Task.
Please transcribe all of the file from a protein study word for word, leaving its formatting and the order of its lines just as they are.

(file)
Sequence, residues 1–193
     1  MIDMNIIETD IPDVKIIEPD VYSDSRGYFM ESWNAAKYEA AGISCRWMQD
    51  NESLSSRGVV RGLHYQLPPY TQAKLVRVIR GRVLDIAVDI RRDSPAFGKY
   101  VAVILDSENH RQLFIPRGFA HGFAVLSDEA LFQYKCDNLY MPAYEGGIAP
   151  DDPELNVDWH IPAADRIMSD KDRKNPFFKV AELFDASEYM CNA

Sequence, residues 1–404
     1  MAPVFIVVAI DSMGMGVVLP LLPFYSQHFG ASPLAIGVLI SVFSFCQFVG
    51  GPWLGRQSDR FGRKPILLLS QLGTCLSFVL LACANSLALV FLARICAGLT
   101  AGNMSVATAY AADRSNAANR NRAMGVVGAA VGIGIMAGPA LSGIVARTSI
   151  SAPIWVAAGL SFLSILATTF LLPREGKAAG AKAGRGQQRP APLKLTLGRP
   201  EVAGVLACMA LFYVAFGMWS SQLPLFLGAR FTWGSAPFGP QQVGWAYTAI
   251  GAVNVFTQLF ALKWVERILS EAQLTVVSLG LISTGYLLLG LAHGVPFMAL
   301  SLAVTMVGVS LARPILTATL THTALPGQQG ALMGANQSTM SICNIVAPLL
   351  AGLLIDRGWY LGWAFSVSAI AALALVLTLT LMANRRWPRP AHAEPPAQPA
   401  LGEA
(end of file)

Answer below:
Sequence, residues 1–193
     1  MIDMNIIETD IPDVKIIEPD VYSDSRGYFM ESWNAAKYEA AGISCRWMQD
    51  NESLSSRGVV RGLHYQLPPY TQAKLVRVIR GRVLDIAVDI RRDSPAFGKY
   101  VAVILDSENH RQLFIPRGFA HGFAVLSDEA LFQYKCDNLY MPAYEGGIAP
   151  DDPELNVDWH IPAADRIMSD KDRKNPFFKV AELFDASEYM CNA

Sequence, residues 1–404
     1  MAPVFIVVAI DSMGMGVVLP LLPFYSQHFG ASPLAIGVLI SVFSFCQFVG
    51  GPWLGRQSDR FGRKPILLLS QLGTCLSFVL LACANSLALV FLARICAGLT
   101  AGNMSVATAY AADRSNAANR NRAMGVVGAA VGIGIMAGPA LSGIVARTSI
   151  SAPIWVAAGL SFLSILATTF LLPREGKAAG AKAGRGQQRP APLKLTLGRP
   201  EVAGVLACMA LFYVAFGMWS SQLPLFLGAR FTWGSAPFGP QQVGWAYTAI
   251  GAVNVFTQLF ALKWVERILS EAQLTVVSLG LISTGYLLLG LAHGVPFMAL
   301  SLAVTMVGVS LARPILTATL THTALPGQQG ALMGANQSTM SICNIVAPLL
   351  AGLLIDRGWY LGWAFSVSAI AALALVLTLT LMANRRWPRP AHAEPPAQPA
   401  LGEA